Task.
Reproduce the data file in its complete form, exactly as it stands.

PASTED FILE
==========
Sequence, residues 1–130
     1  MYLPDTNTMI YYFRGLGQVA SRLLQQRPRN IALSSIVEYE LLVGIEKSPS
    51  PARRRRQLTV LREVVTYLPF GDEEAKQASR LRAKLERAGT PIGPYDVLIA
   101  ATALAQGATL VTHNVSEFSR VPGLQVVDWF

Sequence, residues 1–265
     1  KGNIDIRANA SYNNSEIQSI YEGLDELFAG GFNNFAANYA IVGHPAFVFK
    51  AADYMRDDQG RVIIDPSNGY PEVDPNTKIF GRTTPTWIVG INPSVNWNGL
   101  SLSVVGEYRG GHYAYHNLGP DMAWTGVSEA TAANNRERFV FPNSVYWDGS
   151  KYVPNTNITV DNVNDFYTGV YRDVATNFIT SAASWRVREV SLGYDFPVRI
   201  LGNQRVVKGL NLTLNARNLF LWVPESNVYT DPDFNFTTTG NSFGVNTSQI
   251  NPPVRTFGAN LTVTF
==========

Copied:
Sequence, residues 1–130
     1  MYLPDTNTMI YYFRGLGQVA SRLLQQRPRN IALSSIVEYE LLVGIEKSPS
    51  PARRRRQLTV LREVVTYLPF GDEEAKQASR LRAKLERAGT PIGPYDVLIA
   101  ATALAQGATL VTHNVSEFSR VPGLQVVDWF

Sequence, residues 1–265
     1  KGNIDIRANA SYNNSEIQSI YEGLDELFAG GFNNFAANYA IVGHPAFVFK
    51  AADYMRDDQG RVIIDPSNGY PEVDPNTKIF GRTTPTWIVG INPSVNWNGL
   101  SLSVVGEYRG GHYAYHNLGP DMAWTGVSEA TAANNRERFV FPNSVYWDGS
   151  KYVPNTNITV DNVNDFYTGV YRDVATNFIT SAASWRVREV SLGYDFPVRI
   201  LGNQRVVKGL NLTLNARNLF LWVPESNVYT DPDFNFTTTG NSFGVNTSQI
   251  NPPVRTFGAN LTVTF